By Kelsey Reichmann
WASHINGTON (CN) — Justice Stephen Breyer on Monday afternoon refused to grant relief to workers at a Boston-based hospital in the latest challenge to Covid-19 vaccine mandates to come across the high court’s shadow docket.
Without referring the case to his colleagues on the court, Breyer denied the request for an emergency injunction with no explanation for his ruling or call for a response from the hospital.
Mass General Brigham started enforcing its Covid-19 vaccine mandate on Nov. 5 and has since terminated employees that refused to comply. Both a district court and the First Circuit have denied requests for a preliminary injunction in the case. The hospital workers sought an injunction from the Supreme Court while their appeal is pending at the Boston-based First Circuit.
The hospital workers allege Mass General is violating their Title VII rights and the Americans with Disabilities Act by enforcing the vaccine mandate without accommodation — something their Supreme Court petition claims has been offered to other employees. The workers claim the mandate violates their religious beliefs or places them in “significant physical or mental danger.”
“After putting applicants under constant pressure to forsake their religious beliefs and physical wellbeing, respondent has enforced its deadline for applicants to violate their sincerely held religious beliefs or place themselves in physical danger by taking a vaccine, and relief cannot wait,” the application states. “By choosing not to violate their sincerely held beliefs or place themselves in physical danger, and losing their jobs as a result, applicants face the continuing inability to feed their children, the continuing loss of any practical ability to work in their professions, constant potential homelessness, and continuing significant emotional and psychological harm.”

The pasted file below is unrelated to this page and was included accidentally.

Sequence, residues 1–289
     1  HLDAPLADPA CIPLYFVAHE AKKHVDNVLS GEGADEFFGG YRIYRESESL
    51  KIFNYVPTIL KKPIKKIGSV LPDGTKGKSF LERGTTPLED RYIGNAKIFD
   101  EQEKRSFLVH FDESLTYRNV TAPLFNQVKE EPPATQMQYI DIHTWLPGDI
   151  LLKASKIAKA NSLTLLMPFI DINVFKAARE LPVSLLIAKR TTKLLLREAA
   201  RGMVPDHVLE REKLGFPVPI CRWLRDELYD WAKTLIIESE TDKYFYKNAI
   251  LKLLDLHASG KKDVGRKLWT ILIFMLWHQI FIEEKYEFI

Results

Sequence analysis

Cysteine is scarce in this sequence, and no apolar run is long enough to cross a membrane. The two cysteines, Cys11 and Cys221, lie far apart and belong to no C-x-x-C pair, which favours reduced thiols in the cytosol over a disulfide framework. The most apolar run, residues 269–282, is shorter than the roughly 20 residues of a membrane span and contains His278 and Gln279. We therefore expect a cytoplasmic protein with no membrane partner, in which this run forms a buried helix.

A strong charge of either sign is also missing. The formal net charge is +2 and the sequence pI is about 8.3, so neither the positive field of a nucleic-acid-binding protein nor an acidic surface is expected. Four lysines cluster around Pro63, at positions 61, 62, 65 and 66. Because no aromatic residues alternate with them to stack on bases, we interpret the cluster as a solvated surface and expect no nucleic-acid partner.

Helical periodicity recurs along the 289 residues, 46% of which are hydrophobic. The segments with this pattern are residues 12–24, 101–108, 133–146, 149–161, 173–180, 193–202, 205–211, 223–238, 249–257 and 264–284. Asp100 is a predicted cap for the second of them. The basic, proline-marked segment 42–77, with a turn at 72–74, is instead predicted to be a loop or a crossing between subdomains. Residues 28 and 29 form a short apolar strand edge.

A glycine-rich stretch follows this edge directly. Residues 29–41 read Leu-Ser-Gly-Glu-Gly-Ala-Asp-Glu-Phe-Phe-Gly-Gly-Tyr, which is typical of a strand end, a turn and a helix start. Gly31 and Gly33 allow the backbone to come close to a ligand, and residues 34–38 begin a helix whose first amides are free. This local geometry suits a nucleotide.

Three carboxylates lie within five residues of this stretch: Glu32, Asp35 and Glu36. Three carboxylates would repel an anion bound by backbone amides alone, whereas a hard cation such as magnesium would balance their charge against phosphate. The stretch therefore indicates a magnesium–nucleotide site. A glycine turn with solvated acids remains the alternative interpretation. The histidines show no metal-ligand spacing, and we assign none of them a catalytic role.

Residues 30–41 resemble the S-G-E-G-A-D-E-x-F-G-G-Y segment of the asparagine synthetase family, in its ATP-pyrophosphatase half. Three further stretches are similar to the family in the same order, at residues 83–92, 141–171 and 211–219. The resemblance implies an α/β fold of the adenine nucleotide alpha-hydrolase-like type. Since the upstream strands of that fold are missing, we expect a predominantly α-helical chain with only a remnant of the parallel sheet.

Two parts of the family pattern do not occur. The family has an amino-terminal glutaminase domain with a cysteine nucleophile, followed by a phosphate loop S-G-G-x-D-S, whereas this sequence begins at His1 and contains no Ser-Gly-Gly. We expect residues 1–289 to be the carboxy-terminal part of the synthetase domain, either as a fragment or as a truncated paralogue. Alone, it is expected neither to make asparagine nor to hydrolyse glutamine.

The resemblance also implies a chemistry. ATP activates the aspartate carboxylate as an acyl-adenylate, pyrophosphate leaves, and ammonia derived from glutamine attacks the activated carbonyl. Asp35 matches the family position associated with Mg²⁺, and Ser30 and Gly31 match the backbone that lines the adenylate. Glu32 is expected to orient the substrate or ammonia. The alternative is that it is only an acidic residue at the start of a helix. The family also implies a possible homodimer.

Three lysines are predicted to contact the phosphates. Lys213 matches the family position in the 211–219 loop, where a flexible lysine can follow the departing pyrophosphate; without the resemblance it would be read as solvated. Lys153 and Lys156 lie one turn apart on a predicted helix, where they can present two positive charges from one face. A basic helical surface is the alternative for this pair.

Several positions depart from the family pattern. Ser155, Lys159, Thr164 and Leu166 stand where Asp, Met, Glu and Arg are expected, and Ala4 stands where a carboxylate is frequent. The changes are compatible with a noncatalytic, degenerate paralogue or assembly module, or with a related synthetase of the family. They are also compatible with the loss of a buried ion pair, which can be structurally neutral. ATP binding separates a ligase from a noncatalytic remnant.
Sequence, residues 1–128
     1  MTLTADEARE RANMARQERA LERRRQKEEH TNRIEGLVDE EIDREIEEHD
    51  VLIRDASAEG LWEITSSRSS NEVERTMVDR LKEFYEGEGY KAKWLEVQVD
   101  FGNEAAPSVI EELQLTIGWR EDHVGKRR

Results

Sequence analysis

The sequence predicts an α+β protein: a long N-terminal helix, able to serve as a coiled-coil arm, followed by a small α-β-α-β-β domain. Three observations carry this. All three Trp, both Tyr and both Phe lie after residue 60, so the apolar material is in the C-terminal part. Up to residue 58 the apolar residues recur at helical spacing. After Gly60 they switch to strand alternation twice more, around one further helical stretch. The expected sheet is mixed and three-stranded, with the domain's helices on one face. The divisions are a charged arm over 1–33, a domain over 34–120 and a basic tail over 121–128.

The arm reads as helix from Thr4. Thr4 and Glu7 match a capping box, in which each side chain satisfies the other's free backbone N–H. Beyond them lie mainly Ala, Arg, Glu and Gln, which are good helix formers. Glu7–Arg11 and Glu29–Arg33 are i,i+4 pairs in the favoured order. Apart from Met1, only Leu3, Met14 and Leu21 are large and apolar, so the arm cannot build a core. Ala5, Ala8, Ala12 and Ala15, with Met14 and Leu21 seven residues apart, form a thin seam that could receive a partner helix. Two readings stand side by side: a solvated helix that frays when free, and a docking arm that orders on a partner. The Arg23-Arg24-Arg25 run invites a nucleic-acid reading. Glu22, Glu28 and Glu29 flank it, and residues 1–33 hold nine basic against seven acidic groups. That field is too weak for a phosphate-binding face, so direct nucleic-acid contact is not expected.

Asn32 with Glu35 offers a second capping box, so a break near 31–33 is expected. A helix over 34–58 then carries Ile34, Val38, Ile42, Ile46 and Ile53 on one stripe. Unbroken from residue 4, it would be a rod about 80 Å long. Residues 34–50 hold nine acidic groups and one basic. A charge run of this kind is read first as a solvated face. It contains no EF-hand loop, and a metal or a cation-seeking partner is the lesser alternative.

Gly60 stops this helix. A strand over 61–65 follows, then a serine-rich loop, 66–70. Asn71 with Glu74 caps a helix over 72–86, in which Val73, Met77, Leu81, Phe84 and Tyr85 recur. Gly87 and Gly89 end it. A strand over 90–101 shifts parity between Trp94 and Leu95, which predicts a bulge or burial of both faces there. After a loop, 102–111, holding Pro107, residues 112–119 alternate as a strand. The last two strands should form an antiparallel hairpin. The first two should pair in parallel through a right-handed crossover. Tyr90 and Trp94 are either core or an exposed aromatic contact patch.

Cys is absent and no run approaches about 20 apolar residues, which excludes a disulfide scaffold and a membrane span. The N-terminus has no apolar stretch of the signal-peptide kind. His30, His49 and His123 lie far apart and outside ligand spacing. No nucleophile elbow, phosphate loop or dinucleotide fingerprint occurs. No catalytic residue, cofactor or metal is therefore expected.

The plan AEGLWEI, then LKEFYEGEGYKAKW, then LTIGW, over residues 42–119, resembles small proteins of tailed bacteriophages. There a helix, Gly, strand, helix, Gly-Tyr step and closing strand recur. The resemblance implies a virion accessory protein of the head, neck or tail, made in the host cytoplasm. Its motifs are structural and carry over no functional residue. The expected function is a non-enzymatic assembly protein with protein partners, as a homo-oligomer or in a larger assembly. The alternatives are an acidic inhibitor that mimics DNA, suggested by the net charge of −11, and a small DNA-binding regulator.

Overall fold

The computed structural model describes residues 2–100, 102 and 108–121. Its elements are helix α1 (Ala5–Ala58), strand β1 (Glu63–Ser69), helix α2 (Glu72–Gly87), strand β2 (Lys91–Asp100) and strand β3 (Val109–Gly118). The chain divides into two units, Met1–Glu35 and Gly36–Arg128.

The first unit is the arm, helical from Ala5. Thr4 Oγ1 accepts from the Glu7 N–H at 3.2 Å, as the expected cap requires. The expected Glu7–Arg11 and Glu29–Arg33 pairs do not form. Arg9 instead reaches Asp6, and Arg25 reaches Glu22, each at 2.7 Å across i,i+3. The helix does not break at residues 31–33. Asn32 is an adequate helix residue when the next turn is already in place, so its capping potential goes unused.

An attorney for the hospital workers declined the comment on the case.
The appeal from Massachusetts hospital workers is not the first to cross the high court’s so-called shadow docket, which refers to rulings and orders issued by justices on emergency petitions.
Last month, the court rejected an appeal from Maine health care workers. In an opinion on the ruling, Justice Amy Coney Barrett focused on the nature of the emergency docket itself while three of her conservative colleagues — Justices Neil Gorsuch, Clarence Thomas, and Samuel Alito — penned a dissent focused on the merits of the case.
The justices have also previously rejected vaccine mandate challenges from New York public school teachers and Indiana University students and employees.
Source: Courthouse News
Kelsey Reichmann is a reporter covering the Supreme Court and politics for Courthouse News Service. She previously covered emerging aviation technology for Avionics International and Defense Daily. Kelsey resides in Washington, D.C.
Image: Spiro Skouras
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